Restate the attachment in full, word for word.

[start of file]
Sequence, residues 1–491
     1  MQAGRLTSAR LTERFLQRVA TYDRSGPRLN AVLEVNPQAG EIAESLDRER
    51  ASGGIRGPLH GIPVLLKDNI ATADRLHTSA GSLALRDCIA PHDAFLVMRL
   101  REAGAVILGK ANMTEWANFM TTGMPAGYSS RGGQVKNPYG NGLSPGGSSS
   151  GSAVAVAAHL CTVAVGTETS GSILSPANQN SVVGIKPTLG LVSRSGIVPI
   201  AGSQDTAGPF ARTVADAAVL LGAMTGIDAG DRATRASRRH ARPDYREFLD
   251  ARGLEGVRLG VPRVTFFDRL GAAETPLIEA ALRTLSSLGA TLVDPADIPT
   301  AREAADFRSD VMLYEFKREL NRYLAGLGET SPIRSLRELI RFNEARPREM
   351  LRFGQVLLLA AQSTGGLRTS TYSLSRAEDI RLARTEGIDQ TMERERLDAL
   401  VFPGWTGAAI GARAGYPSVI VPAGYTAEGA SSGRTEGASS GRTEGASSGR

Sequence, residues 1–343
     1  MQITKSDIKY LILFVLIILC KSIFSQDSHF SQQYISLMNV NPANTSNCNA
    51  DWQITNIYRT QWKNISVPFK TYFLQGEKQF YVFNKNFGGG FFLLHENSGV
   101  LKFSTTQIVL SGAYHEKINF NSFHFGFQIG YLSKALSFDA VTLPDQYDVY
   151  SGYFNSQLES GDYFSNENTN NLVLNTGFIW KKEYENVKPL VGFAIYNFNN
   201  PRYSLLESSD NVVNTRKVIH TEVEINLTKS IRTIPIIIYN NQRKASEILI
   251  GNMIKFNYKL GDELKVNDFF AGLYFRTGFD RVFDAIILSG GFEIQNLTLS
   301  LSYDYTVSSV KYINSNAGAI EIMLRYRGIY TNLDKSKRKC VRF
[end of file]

Sequence, residues 1–491
     1  MQAGRLTSAR LTERFLQRVA TYDRSGPRLN AVLEVNPQAG EIAESLDRER
    51  ASGGIRGPLH GIPVLLKDNI ATADRLHTSA GSLALRDCIA PHDAFLVMRL
   101  REAGAVILGK ANMTEWANFM TTGMPAGYSS RGGQVKNPYG NGLSPGGSSS
   151  GSAVAVAAHL CTVAVGTETS GSILSPANQN SVVGIKPTLG LVSRSGIVPI
   201  AGSQDTAGPF ARTVADAAVL LGAMTGIDAG DRATRASRRH ARPDYREFLD
   251  ARGLEGVRLG VPRVTFFDRL GAAETPLIEA ALRTLSSLGA TLVDPADIPT
   301  AREAADFRSD VMLYEFKREL NRYLAGLGET SPIRSLRELI RFNEARPREM
   351  LRFGQVLLLA AQSTGGLRTS TYSLSRAEDI RLARTEGIDQ TMERERLDAL
   401  VFPGWTGAAI GARAGYPSVI VPAGYTAEGA SSGRTEGASS GRTEGASSGR

Sequence, residues 1–343
     1  MQITKSDIKY LILFVLIILC KSIFSQDSHF SQQYISLMNV NPANTSNCNA
    51  DWQITNIYRT QWKNISVPFK TYFLQGEKQF YVFNKNFGGG FFLLHENSGV
   101  LKFSTTQIVL SGAYHEKINF NSFHFGFQIG YLSKALSFDA VTLPDQYDVY
   151  SGYFNSQLES GDYFSNENTN NLVLNTGFIW KKEYENVKPL VGFAIYNFNN
   201  PRYSLLESSD NVVNTRKVIH TEVEINLTKS IRTIPIIIYN NQRKASEILI
   251  GNMIKFNYKL GDELKVNDFF AGLYFRTGFD RVFDAIILSG GFEIQNLTLS
   301  LSYDYTVSSV KYINSNAGAI EIMLRYRGIY TNLDKSKRKC VRF